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The Tewa World: Space, Time, Being and Becoming in a Pueblo Society

3.87  ·  Rating details ·  53 ratings  ·  4 reviews
"This is a book that springs from richness. . . valuable not only for anthropologists and sociologists. . . the interested but unskilled layman will find a treasure trove as well. One thing seems certain. If this book does not become THE authority for the scholar, it will certainly never be ignored. Ortiz has done himself and his people proud. They are both worthy of the a ...more
Paperback, 216 pages
Published February 15th 1972 by University of Chicago Press (first published 1969)
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Draco3seven Crawdady
Dec 13, 2007 rated it it was amazing
Recommends it for: anthropologist and cosmologist
My interest are the “objects” of reality if you will, the cultural treasures that are perceived or give order to a cosmology… its hard to define these “objects” in Western terms, since what I am searching for is very possibly outside of Western concepts… In the West these entities are generally thought to reside within the spheres of philosophical substance (substance that composes reality), consciousness, and their epistemic relationship. If looking for this type of thing... generally a good st ...more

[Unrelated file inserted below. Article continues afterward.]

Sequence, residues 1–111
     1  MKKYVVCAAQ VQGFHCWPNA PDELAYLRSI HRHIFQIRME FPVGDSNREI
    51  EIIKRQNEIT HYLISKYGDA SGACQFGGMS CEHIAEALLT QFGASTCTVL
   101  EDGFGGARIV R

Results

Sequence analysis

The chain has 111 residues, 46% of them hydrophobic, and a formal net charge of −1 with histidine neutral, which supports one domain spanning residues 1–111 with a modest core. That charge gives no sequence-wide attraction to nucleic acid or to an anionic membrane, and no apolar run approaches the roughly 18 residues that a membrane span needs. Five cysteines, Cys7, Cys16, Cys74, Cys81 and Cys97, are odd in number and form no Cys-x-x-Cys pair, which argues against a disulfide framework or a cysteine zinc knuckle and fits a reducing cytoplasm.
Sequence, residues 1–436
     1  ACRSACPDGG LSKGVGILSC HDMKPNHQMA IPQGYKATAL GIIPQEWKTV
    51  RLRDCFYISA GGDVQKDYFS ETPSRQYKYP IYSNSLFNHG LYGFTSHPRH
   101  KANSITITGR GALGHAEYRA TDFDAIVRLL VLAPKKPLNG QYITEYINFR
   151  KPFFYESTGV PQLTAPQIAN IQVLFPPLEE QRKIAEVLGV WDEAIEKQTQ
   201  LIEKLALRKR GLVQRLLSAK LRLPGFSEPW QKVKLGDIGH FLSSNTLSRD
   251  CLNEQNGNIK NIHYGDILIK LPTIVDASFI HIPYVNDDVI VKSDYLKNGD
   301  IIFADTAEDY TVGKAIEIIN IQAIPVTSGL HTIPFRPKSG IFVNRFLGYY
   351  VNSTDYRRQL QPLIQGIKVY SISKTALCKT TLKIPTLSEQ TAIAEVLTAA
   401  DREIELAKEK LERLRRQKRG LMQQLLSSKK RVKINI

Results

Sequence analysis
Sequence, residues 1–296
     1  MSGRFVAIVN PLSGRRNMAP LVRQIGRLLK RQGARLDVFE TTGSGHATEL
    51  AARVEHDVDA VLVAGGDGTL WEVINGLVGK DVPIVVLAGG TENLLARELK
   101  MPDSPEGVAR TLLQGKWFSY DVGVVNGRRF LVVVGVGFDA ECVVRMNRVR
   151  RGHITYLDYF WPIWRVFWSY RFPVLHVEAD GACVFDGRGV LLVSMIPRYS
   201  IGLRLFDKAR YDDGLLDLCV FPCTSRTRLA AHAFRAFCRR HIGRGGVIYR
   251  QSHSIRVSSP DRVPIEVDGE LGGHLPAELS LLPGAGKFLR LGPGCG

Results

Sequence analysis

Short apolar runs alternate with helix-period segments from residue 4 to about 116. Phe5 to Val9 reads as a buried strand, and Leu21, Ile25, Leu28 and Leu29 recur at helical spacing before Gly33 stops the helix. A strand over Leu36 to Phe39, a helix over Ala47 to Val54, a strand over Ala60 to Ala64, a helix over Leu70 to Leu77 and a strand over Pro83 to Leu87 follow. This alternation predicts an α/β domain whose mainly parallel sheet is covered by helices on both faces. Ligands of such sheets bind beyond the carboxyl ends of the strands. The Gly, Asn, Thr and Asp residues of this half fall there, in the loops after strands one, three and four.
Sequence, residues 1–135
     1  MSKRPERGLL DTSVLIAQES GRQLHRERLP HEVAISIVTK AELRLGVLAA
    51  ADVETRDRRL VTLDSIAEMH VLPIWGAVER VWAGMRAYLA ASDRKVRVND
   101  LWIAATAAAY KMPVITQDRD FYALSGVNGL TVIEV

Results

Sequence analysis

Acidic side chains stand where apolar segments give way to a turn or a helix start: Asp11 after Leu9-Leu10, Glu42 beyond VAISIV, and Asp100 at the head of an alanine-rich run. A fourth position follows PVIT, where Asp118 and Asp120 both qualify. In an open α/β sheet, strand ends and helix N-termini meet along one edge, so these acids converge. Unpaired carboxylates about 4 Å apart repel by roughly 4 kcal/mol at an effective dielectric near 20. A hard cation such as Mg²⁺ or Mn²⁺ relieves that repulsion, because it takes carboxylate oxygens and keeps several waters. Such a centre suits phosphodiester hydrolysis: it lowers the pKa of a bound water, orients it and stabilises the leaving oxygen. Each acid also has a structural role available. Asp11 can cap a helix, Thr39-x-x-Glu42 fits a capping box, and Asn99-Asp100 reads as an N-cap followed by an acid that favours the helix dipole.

Sara Larson
Feb 19, 2010 rated it it was amazing
If you're a fan of the Levi-Strauss philosophy, you'll love this book.

It's a straightforward account, from a member of the Tewa clan, of the organization of Tewa society into dualities. It's interesting to see how the organization permeates the members' thoughts of themselves and their personality traits.

Thought-provoking read that helps the reader examine the organization of their own society.
captain america
May 29, 2008 rated it liked it
a classic but explanations of the spiritual make (for me) for weary reading. i lived and worked in san juan pueblo (ortiz's home village)for a few years so it took on a different meaning for me.
ortiz was sort of ostracized for revealing too much of tewa culture in this book but was already to speak to "outsiders"(like me) about pueblo culture and meaning.
Aiyana
Sep 12, 2015 rated it it was ok
Shelves: nonfiction
2 Stars for "it was ok". An interesting study about the Tewa society. A little dry and mind-numbing at times, though.
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